It has been my pleasure and privilege to carry out this volume’s final edit: so I can lay claim to having read it very carefully indeed. Cheryl Matthynssens is weaving an exceptionally strong story here with subtlety and skill.
The life force of a magnificent blue dragon (Renamaum) has become inextricably involved with a young Daezun/Lerdenian mixed-race mage (Alador). With a dragon’s essence comes its power and temper, and in this case a “geas” that is death to deny (a ‘geas’ in Irish folklore is an obligation or prohibition magically imposed on a person). Alador must right the wrongs done to dragons by Lerdenian mages under the control of Silverport’s ruthless High Minister Luthian – Alador’s evil uncle – whom he must defeat while also destroying his abominable ‘bloodmines’. Only then can the geas be fulfilled.
Alador’s powers are extraordinary, but learning how to control them as well as to make best use of them requires rigorous training. Who better to provide training in dragon magic than dragons themselves? - and where Alador is concerned there could be no more appropriate trainers than Renamaum’s mate Pruatra and her two offspring: sired but not born before Renamaum’s death. Through Alador, the ‘god-gifted’ blue dragon has a chance to get to know his son and daughter before his spirit is entirely absorbed by the young mage. That is the way this magic works…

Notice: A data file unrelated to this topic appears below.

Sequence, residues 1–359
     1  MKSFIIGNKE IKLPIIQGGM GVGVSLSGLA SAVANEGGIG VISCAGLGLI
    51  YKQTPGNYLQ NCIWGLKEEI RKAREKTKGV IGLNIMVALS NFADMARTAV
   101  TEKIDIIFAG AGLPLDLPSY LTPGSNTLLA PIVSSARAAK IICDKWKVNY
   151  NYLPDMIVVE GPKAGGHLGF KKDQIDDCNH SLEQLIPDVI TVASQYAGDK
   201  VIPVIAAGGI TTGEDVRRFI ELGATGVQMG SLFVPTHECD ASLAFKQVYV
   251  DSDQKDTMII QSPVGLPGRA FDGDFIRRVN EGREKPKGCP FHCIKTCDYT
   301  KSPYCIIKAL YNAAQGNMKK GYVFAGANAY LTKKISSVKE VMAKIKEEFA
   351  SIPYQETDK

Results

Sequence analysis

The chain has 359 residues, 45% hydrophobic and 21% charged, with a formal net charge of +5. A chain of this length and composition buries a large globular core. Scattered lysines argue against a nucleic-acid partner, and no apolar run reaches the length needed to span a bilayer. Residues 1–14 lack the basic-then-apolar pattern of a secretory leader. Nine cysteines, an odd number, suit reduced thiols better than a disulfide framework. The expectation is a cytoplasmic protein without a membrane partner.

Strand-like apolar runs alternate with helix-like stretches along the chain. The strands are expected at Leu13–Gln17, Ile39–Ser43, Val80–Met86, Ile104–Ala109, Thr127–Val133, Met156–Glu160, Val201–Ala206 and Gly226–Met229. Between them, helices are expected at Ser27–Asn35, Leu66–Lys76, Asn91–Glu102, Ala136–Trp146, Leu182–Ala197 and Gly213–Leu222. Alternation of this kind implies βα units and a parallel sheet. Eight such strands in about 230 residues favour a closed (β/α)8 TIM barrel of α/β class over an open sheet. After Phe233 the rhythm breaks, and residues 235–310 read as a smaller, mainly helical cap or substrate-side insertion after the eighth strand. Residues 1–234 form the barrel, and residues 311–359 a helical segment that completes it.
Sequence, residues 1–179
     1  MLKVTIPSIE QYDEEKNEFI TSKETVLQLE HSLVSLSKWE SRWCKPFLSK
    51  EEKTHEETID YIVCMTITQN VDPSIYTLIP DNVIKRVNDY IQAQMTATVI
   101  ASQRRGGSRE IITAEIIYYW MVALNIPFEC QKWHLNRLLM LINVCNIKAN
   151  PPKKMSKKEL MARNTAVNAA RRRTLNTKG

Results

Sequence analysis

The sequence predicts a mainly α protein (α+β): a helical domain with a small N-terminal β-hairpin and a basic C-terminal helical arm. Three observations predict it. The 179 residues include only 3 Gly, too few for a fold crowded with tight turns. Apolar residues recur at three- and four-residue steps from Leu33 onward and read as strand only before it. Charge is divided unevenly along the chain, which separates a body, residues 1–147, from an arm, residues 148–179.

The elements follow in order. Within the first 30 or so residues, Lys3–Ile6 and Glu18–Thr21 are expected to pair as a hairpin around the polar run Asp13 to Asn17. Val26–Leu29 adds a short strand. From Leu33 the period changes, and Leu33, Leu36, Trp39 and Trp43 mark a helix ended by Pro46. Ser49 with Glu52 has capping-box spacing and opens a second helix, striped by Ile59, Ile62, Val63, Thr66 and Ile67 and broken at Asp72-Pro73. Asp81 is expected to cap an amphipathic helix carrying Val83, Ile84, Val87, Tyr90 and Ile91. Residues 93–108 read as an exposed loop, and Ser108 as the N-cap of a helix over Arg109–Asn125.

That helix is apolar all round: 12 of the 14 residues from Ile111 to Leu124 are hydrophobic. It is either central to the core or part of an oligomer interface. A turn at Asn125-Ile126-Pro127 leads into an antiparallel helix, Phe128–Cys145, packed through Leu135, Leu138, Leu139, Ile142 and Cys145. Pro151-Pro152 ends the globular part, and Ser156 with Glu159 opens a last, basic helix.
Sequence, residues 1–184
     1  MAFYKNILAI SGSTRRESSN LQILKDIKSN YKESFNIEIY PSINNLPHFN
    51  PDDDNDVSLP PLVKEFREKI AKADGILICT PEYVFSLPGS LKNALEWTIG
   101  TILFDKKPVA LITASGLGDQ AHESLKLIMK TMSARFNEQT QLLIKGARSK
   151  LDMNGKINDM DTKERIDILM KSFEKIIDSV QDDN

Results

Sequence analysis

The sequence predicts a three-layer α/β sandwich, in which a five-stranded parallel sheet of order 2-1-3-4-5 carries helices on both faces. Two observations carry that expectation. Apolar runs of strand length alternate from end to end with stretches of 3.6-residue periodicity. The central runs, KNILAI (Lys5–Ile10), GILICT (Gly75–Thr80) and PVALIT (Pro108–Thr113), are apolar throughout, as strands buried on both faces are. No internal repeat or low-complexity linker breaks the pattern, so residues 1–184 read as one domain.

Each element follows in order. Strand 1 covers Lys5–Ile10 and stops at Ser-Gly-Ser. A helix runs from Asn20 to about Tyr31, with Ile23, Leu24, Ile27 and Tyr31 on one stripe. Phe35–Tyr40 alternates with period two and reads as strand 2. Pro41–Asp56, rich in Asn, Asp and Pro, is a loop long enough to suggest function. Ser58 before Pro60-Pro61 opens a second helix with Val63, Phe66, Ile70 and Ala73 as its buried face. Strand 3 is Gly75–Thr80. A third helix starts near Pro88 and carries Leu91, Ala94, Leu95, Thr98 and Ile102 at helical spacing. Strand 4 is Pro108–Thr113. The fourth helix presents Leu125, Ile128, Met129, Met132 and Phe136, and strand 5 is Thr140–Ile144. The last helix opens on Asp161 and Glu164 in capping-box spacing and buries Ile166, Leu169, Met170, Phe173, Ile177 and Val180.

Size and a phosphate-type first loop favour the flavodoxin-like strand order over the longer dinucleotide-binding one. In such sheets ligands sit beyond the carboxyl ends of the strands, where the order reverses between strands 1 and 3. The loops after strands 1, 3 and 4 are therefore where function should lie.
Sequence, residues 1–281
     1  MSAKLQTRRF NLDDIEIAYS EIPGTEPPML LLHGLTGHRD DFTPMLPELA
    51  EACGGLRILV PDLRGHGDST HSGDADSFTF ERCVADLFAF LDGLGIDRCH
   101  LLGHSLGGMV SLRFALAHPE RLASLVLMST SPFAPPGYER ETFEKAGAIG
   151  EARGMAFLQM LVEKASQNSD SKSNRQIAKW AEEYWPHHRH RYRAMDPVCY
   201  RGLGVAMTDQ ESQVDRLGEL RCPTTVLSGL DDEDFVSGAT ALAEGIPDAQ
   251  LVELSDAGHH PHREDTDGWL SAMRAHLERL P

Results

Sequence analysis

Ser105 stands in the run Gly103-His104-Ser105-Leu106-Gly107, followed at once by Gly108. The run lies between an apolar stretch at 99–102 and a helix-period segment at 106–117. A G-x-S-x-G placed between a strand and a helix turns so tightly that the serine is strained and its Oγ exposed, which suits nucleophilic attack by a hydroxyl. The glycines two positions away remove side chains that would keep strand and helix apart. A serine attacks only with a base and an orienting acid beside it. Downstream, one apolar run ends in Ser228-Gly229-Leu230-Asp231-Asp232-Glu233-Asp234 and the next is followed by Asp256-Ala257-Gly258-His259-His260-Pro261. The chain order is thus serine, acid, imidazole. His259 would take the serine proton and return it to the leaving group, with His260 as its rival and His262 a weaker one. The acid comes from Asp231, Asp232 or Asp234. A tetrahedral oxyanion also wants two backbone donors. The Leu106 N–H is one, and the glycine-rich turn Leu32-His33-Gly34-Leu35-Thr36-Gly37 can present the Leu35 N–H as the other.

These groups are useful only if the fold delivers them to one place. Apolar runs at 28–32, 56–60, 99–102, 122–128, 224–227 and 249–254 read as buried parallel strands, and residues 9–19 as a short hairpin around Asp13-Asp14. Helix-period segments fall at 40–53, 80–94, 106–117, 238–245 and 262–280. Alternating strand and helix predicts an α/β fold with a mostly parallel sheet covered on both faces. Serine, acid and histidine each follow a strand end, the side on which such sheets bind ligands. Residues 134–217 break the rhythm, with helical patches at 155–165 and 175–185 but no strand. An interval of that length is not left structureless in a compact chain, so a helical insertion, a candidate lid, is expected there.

It’s a story about growing up, acquiring wisdom, controlling feelings, conquering fear and fighting for truth and justice for all species. The characterisation is acutely observed and the different strands of the story sensitively woven. It’s an epic tale - certainly one of my favourites in this genre - and I am keenly looking forward to further developments in Book 4.